- Francis, Richard
- Ship histories and stories, WWII operations
- RAN Ships
- HMAS Vampire I
- March 2002 edition of the Naval Historical Review (all rights reserved)
HMS Thanet was a destroyer of the “S” Class built in 1918 after the end of WWI and on the outbreak of WW2 was stationed with several sister ships with the Singapore and Hong Kong Local Defence Forces under Flag Officer Malaya. After the sinking of the Prince of Wales and the Repulse, Thanet was one of the few remaining warships in the Naval Base at Singapore. On Christmas Day 1941, she was ordered to sail to search and rescue the crew of a shot down Catalina aircraft, although before she could do so a Dutch submarine had managed to effect the rescue of the airmen.
Destination – Endau
In response to reported Japanese naval forces and a convoy approaching the mouth of the Endau River on the east coast of Malaya on 26 January 1942, HMAS Vampire (Cmdr W T Moran, RAN) with HMS Thanet (Lcdr B S Davies, RN) in company sailed from the Naval Base to investigate and intercept the enemy and if possible, frustrate the troop landings. Both ships sailed at 1630 and when clear of the straits headed for the island of Siribuat, where the enemy force had been reported at anchor. Avoiding detection by various alterations of course and speed both ships reached Siribuat but finding no sign of enemy activity then proceeded to Endau.
Moonset had been at 0200 that night and visibility was poor, perhaps just 2 miles. On approaching Endau in company, Vampire sighted the enemy shipping and fired 3 torpedoes at the Japanese destroyer Shirayuki and the minesweeper WI at close range, without success. It is subsequently thought that the torpedoes had insufficient time to reach their depth setting and may have passed under their targets.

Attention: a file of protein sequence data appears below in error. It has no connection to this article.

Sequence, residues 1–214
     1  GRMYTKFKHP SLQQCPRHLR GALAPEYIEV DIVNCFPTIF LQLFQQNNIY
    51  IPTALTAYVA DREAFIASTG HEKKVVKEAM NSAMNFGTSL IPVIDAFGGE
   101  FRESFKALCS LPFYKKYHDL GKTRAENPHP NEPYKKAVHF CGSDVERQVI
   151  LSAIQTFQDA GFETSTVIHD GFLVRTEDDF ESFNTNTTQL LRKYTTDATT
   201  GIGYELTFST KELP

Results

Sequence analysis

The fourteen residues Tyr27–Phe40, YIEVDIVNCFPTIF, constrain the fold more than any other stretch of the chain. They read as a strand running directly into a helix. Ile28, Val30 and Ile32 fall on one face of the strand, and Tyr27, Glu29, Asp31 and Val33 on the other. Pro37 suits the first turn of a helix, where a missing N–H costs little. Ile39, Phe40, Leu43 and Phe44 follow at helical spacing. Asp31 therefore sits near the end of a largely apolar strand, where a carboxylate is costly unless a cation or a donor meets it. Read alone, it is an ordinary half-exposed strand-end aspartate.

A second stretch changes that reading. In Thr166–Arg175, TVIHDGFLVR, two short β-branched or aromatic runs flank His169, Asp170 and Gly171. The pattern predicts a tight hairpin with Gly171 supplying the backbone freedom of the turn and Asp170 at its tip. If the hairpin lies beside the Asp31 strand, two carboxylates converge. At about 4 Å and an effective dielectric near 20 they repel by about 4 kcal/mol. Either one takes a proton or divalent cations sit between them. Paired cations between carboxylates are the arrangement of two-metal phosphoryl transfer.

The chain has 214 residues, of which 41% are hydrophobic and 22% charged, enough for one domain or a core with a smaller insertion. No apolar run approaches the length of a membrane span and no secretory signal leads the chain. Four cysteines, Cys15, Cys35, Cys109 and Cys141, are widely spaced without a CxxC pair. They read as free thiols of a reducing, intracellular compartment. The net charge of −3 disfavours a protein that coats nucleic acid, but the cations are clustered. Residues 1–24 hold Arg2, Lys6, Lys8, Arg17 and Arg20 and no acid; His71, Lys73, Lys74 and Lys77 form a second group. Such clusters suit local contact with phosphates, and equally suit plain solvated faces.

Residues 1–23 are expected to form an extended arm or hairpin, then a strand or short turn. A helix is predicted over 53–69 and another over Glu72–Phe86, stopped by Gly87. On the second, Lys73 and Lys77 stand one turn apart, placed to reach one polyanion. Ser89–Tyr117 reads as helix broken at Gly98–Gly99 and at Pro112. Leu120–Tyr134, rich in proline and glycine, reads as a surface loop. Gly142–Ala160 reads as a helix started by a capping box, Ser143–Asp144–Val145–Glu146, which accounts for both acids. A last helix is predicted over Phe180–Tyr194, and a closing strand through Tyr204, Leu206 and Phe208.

Both ships were promptly illuminated by searchlights as they zig-zagged at full speed under a hail of enemy gunfire. The action became intense as the Japanese warships (Shiriyuki, Fubuki, Asagiri and Yuguri) opened fire on the attackers. Having expended their torpedoes, the Allied destroyers engaged the enemy with their guns.
Action was concentrated on Thanet and she was hit several times in the machinery spaces, soon coming to a stop after a hit in the forward boiler room fracturing her main steam pipe. The Engineer Officer, Lt. George Dickens, RN, lifted the safety valves to release a cloud of steam from the after boilers to avert a subsequent explosion.
Vampire attempted to lay a smoke screen around the hapless Thanet, as they were abandoning ship. Still illuminated by searchlights the Japanese continued firing at the survivors. Vampire was unable to rescue any survivors and made good her escape although she observed some Japanese ships firing at each other at this stage. It was reported later than one enemy destroyer was beached and two troop transports had been heavily damaged. She reached Singapore later the same day. Thanet sank at 0420 while some of the survivors, including the Commanding Officer and his Engineer Officer managed to board boats and Carley floats, and make their way to the shore.
Fate of Thanet Survivors
Later the Japanese destroyer Shirayuki picked up one officer (Sub Lt Danger, RN – the Torpedo Officer) and 30 ratings. Of these, all the ratings were later landed at Endau and turned over to the Japanese Army. (The RN officer was subsequently landed in Indo China and survived the war as a POW). The fate of the ratings is unknown, but they are believed to have been executed the next day by the Japanese (possibly in retaliation for an unexpected reverse suffered at Gemas Bridge in an Australian Army ambush, where hundreds of Japanese were killed, their first defeat suffered during the British retreat through Malaya).
A number of other survivors managed to reach Singapore by various means. In several separate parties, members of Thanet’s crew made their way along the jungle shore, and joined with several shot down aircrew (who had found a boat) and began to row by night and sleep by day, south from the Mersing River, eventually being picked up by a British-manned coaster who brought them to Singapore, together with the Commanding Officer and 11 others in the motor boat. (George Dickens reports being taken to Keppel Harbour and sleeping under the billiard table in the Raffles Hotel).